Bonfire night in Worcestershire

 Night and its association with Worcestershire.

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Interesting fact: Did you know it was illegal not to celebrate bonfire night until as recently as 1959?

There are certain dates in the calendar that act as markers throughout the year. Some of these aren’t fixed to the exact day: like my swallows leaving my Worcestershire gardens at the end of September or their arrival in April to herald in summer. Or the last time I mow the lawns of my clients toward the end of October before putting the mowers away for winter.

But there are other events too that mark my gardening year. One of them is Bonfire Night, where we stand in front of roaring fires and burn a representative of a minority religious group in effigy in celebration of a thwarted terrorist plot to blow up Parliament just over four centuries ago. (Although with recent political behaviour over the last few years I have heard it said with growing frequency that “Fawkes was the last honest man in Parliament!”)

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So why do I see Bonfire Night as one of my yearly markers? Well for me it really marks the last time we use our gardens for the year. It is the last time where groups of people might gather for a celebration outside. And Worcestershire has a special place in the history of Bonfire Night and its inspiration, the Gunpowder Plot. For it was in Worcester where the plotters who were captured were hung, drawn and quartered at the suitably named Red Hill.

They had fled London and were finally caught in Holbeache House, in Staffordshire, by Sir Richard Walsh, the High Sheriff of Worcester on November 08th, 1605. The November of that year was wet, and the plotters gunpowder had become soaked on the journey up, to the extent that it was useless for muskets. The plotters then decided to dry it out in front of the fire, where it eventually exploded. After this, Sir Richard stormed Holbeache House and killed several conspirators and took at least one man prisoner.

Transferred to Worcester goal, the prisoner was later joined by Jesuits discovered hiding out in Hindlip Hall in Worcestershire (and which is now the HQ of West Mercia Police), where more of the Catholic plotters were captured in Priest Holes. In April 1606, after torturous interrogation at the Tower of London, these people were returned to Worcester and executed at Red Hill.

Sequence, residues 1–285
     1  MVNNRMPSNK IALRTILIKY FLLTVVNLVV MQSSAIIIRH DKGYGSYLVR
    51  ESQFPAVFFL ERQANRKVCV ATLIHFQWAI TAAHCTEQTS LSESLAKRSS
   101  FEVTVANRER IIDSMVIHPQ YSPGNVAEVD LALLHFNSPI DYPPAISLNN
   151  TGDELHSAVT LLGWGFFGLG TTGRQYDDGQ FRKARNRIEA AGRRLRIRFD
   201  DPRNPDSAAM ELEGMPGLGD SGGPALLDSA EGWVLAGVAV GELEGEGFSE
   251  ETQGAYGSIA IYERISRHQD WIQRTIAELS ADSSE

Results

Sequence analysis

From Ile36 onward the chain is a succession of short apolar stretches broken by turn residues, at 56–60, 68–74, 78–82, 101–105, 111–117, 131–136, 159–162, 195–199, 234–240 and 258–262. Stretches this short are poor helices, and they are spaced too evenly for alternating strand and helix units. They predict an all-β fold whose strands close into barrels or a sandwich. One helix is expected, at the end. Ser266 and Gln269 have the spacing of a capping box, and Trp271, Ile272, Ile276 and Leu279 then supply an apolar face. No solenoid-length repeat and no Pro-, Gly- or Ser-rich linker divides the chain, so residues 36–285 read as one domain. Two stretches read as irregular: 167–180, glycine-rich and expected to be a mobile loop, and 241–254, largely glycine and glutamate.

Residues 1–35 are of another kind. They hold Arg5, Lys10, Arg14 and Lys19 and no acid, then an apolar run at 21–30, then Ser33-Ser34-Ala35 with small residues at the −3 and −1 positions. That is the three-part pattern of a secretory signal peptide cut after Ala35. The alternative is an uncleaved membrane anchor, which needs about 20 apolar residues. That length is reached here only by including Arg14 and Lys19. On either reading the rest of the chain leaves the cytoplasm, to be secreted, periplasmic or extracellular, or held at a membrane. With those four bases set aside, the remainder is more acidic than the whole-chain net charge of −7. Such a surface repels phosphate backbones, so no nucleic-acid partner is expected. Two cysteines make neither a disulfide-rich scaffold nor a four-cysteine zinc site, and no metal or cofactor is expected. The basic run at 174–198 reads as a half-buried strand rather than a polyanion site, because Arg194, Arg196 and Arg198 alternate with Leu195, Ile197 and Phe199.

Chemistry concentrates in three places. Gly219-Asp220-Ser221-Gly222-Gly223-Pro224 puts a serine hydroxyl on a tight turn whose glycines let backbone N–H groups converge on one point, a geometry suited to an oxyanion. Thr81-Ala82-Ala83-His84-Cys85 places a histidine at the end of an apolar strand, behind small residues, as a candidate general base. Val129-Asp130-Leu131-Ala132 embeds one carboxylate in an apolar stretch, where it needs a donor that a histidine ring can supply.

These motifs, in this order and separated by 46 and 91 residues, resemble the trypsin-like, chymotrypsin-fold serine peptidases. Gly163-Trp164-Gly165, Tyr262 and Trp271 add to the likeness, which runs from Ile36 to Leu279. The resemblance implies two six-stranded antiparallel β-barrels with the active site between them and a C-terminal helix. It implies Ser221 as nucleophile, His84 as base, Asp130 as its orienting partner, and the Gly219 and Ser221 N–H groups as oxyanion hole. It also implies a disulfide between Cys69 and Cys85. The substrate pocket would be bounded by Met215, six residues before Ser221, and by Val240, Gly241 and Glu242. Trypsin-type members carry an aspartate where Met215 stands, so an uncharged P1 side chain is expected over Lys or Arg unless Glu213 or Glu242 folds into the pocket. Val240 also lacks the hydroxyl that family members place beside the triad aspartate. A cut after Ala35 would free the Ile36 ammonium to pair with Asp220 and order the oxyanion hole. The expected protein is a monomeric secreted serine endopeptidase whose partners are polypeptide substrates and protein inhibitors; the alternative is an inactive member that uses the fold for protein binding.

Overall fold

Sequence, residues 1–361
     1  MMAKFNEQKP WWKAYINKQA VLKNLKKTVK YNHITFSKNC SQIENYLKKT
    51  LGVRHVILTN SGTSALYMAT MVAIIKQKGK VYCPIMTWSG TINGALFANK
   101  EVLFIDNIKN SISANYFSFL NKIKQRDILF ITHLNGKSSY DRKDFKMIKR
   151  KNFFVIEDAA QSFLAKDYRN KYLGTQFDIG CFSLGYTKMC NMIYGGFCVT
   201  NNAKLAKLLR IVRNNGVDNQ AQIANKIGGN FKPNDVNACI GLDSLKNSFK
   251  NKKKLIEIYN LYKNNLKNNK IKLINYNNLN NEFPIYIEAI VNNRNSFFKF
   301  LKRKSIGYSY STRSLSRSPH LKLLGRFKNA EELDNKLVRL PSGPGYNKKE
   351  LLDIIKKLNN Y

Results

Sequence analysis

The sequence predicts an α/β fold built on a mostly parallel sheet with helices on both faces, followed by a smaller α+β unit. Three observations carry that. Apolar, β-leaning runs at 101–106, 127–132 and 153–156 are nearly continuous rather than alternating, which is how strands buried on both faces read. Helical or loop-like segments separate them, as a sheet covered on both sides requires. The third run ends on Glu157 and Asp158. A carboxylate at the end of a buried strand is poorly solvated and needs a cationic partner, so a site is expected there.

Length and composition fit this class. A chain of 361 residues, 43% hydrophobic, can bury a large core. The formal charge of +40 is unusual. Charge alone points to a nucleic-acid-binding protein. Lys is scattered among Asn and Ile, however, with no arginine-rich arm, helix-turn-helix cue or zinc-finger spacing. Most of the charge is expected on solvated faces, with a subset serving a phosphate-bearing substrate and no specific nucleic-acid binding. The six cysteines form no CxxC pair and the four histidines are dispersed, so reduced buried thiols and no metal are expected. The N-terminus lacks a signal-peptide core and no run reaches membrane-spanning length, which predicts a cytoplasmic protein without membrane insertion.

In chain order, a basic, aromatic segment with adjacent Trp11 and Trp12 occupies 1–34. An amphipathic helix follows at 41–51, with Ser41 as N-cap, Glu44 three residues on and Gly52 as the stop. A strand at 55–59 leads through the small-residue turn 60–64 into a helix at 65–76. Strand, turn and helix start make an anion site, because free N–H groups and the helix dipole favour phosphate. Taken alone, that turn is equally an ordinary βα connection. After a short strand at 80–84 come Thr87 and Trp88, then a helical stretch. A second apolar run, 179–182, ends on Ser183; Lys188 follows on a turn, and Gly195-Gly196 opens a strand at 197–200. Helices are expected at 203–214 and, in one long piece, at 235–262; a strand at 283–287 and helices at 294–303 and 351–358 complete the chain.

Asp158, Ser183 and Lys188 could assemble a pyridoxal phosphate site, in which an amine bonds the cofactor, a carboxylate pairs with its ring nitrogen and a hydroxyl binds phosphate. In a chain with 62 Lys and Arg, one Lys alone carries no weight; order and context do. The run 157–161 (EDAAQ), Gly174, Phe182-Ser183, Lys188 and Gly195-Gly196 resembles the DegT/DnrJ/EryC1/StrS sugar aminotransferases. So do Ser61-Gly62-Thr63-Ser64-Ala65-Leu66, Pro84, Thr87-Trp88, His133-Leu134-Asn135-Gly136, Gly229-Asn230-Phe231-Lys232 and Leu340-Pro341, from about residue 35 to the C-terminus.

But where was the fire that Bonfire Night celebrates? Why do we burn figures in effigy each year when the plotters weren’t burned at all?

Burning figures on bonfires actually predates the Gunpowder Plot. There are some accounts of them in the 13th century, and in the 14th century, when the Black Death came to Europe and depopulated huge swathes of land, minorities were targeted and were, in some cases, burned alive (600 Jews were burned alive in Basel alone). Following on from this in the next few centuries was the burning of witches, in some cases in specially constructed ovens (in one town in Germany in 1589, 133 witches were burned in a single day at the height of this hysteria).

And to continue with our rather dark history, Mary 1st of England (the Bloody one!) had many Protestants burned alive in her reign during the Marian Persecutions – she executed approximately 300 people, though not all by burning. This obviously had a direct link to the later Catholic plot of Guy Fawkes to destroy Parliament in the reign of James 1st, so burning a figure in effigy as a way of celebrating the failure of a Catholic plot could also be seen as a way of reversing the burnings of Queen Mary, a half century before and enforced in cultural memory by her very name.

It does seem that Worcestershire and Herefordshire have both played key roles in Elizabethan and Stuart plots. With the latter suffering from the Gunpowder plot, the earlier queen also faced an assassination in the form of the Babington Plot – in which nearby Brockhampton Estate in Herefordshire is also said to have played a part and about which there still some unanswered questions even to this day.

So as a gardener, and as someone who appreciates the landscape of the place I live and work in, and who has made a habit of looking at gardens through the lens of how and why they were built by our ancestors, the night of November 05th is somewhat profound to me. Winter is ushered in, and a new cycle has begun.

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